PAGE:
The secret to a perfect angel food cake lies in beating the egg whites and then stabilizing them with cream of tartar. Dutch-process cocoa has nothing to do with the Netherlands but refers to a process in which the cocoa is "dutched," or alkalized, resulting in a more mellow and full-bodied cocoa. Though the regular variety can be used, Dutch-process cocoa gives the sauce a subtle richness. Use an ungreased tube pan so the egg whites in the batter will cling to the sides and "climb" as the cake bakes.
Lightly spoon flour into a dry measuring cup; level with a knife. Combine flour, 3/4 cup sugar, cocoa, and cinnamon in a small bowl, stirring with a whisk. Beat egg whites in a large bowl with a mixer at high speed until foamy. Add cream of tartar and salt; beat until soft peaks form. Add 3/4 cup sugar, 2 tablespoons at a time, beating until stiff peaks form. Sift flour mixture over egg white mixture, 1/4 cup at a time, folding in each portion. Fold in vanilla, juice, and almond extract. Spoon the batter into an ungreased nonstick 10-inch tube pan, spreading evenly. Break air pockets by cutting through batter with a knife.
Bake at 325° for 50 minutes or until cake springs back when lightly touched. Invert pan, and cool completely. Loosen the cake from sides of pan using a narrow metal spatula. Invert the cake onto plate. Cut into 12 slices using a serrated knife. Serve with Dark Cocoa Sauce.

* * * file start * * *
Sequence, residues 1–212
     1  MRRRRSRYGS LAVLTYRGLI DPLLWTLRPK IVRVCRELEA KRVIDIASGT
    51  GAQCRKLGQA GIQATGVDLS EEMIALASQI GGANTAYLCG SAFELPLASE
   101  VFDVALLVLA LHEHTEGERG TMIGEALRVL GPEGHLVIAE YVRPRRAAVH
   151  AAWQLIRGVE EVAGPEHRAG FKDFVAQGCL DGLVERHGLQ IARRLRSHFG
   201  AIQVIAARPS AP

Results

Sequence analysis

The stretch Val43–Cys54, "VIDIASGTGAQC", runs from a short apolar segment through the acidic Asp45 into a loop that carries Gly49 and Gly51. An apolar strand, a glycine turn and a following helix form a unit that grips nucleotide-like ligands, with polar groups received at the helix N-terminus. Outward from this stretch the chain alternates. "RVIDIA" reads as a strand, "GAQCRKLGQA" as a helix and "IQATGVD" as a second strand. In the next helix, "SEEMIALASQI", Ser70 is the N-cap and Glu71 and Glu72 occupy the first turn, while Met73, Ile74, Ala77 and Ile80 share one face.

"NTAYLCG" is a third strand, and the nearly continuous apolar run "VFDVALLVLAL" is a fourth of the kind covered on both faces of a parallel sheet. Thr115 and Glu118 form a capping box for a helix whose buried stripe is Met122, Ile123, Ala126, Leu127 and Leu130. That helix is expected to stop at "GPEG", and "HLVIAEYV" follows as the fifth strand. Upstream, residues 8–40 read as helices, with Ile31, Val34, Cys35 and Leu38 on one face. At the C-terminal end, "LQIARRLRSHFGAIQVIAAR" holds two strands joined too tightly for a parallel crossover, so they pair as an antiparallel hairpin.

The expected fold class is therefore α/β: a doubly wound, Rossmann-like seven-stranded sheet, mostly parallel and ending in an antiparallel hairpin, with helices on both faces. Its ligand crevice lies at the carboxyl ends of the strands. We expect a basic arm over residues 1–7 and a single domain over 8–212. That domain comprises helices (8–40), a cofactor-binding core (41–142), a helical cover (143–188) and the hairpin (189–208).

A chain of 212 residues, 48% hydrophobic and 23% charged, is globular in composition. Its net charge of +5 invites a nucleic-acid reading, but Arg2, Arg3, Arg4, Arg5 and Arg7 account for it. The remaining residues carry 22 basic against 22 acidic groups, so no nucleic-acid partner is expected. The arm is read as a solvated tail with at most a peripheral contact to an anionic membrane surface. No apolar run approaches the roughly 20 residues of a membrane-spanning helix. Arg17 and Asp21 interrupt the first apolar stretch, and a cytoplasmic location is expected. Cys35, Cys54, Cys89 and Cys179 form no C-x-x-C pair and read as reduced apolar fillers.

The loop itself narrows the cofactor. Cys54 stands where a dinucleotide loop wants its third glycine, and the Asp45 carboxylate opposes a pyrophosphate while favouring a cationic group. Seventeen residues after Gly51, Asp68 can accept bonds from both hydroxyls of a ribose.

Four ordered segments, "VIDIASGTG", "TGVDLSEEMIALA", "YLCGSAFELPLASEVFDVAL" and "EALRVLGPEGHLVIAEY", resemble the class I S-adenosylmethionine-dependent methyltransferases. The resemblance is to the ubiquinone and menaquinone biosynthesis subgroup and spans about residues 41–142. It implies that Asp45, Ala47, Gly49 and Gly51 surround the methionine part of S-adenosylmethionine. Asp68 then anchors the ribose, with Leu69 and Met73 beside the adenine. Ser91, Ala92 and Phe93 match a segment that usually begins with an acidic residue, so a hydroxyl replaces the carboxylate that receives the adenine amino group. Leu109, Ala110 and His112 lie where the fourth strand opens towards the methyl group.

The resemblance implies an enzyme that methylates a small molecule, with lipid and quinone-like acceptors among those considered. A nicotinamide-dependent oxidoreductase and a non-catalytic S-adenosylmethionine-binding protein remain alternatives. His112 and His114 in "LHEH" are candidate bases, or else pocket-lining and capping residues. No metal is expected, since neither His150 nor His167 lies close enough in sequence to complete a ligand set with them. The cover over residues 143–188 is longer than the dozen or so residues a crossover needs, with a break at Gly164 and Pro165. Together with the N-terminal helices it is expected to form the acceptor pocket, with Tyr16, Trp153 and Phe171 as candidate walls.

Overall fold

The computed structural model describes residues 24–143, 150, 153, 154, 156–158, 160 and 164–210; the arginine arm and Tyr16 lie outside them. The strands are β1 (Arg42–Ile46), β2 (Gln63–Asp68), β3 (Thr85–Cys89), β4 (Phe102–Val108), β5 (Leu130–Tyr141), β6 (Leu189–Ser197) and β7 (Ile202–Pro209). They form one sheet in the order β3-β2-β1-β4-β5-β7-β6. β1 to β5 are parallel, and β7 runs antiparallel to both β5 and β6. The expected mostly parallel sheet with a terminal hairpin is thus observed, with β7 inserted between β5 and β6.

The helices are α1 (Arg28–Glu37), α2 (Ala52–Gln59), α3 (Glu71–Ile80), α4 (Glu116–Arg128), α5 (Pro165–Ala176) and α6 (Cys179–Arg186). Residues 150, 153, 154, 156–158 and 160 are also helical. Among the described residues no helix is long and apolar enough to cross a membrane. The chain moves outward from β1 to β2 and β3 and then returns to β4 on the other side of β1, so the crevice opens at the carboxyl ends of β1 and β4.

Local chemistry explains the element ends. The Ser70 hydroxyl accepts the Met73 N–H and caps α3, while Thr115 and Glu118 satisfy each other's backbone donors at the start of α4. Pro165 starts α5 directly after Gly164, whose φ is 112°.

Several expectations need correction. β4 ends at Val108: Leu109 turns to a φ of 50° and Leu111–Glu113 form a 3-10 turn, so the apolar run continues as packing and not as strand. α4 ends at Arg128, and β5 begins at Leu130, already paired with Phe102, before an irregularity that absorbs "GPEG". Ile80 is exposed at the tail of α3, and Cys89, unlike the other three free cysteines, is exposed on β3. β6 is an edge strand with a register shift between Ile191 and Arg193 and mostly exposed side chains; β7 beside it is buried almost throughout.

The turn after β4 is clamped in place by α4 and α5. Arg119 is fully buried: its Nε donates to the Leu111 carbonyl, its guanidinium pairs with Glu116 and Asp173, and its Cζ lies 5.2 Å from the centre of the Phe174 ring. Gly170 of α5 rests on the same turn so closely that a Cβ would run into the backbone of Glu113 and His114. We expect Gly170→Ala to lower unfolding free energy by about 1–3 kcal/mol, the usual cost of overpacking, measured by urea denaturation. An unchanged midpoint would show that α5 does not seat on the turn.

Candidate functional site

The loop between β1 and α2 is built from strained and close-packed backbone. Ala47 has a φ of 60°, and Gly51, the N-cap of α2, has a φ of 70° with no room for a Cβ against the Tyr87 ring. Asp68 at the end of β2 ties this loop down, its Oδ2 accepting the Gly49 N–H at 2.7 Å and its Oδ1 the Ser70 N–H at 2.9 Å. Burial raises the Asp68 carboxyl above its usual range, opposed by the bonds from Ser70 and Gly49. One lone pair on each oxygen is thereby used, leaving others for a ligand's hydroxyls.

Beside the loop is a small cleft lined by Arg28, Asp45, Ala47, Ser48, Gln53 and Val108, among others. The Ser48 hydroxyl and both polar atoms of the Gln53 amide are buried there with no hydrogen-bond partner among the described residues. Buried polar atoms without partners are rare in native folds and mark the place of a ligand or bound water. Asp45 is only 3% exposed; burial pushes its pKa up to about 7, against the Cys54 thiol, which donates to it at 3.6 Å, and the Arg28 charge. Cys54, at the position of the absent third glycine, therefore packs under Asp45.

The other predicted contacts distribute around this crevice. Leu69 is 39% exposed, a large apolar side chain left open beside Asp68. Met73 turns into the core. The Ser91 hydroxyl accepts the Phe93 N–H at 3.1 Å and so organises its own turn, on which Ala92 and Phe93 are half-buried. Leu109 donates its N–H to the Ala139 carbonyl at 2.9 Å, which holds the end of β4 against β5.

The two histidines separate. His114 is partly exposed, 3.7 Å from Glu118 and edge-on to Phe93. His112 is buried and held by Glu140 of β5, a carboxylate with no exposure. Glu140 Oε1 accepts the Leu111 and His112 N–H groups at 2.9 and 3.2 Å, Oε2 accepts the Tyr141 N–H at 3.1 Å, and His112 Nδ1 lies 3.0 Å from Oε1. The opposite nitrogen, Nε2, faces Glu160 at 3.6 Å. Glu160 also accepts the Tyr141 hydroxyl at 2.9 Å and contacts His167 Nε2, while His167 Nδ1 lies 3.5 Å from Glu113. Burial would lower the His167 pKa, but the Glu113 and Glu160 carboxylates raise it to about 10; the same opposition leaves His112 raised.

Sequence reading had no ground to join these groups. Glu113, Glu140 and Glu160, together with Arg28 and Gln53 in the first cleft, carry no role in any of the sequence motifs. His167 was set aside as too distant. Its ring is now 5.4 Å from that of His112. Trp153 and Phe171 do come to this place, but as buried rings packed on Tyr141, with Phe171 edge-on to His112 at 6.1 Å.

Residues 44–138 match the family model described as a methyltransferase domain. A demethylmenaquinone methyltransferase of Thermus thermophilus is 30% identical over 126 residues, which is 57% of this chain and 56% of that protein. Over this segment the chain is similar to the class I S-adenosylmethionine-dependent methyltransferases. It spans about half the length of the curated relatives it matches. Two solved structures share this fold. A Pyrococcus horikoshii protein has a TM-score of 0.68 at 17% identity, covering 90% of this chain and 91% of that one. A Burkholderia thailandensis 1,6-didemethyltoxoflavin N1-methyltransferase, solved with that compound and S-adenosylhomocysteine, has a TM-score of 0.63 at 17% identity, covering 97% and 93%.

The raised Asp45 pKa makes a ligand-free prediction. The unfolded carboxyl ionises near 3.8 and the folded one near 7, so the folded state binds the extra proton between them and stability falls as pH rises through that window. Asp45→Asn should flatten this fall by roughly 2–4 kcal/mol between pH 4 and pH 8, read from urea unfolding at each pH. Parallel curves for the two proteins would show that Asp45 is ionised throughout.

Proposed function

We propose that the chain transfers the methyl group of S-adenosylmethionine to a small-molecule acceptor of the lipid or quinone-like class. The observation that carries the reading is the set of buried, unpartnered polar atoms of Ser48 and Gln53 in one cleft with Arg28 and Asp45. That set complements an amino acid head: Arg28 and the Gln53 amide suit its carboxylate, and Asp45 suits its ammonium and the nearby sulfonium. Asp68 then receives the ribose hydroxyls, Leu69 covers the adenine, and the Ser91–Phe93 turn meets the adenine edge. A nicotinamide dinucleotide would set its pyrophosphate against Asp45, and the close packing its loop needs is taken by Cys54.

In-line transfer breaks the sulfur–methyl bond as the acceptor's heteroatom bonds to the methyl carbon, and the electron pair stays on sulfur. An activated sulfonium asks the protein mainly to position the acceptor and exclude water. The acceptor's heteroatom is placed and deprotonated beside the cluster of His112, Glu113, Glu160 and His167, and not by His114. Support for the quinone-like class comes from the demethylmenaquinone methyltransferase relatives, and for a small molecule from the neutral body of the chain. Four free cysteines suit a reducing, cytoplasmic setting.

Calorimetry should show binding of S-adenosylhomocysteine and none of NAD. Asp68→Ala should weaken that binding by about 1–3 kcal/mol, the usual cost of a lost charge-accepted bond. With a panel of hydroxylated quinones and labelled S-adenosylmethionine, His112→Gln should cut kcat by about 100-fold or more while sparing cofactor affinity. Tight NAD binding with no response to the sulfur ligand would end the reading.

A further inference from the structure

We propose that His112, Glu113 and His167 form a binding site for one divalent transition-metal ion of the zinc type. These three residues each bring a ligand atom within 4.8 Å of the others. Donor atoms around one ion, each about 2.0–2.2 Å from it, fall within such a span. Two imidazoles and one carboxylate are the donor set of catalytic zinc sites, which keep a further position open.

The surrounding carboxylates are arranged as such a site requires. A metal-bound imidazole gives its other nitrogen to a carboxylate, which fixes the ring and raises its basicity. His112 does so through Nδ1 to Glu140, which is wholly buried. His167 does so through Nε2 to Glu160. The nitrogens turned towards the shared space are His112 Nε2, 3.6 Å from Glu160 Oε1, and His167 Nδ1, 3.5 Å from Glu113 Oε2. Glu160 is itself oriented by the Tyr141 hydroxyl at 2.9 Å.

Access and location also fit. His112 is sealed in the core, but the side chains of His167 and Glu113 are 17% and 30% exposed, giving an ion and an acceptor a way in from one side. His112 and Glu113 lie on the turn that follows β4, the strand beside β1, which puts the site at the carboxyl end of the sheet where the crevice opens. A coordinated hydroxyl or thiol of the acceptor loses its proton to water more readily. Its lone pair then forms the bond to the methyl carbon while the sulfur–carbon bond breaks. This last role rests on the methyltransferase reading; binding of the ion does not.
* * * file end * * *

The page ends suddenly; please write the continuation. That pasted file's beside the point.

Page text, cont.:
I had this cake for my birthday, and it came out wonderfully. This makes an excellent, light dessert after going out to a restaurant for dinner, while still being special enough for the occasion. I didn't have dutch process cocoa, so I used regular, and cut down on the sugar in the flour mixture by 1/4 cup (it still came out very sweet). The accompanying sauce was also delicious, although I used only 1/3 of a cup of sugar, and Dove 71% dark chocolate. Also, it was served with raspberries on top, which really added to the cake.
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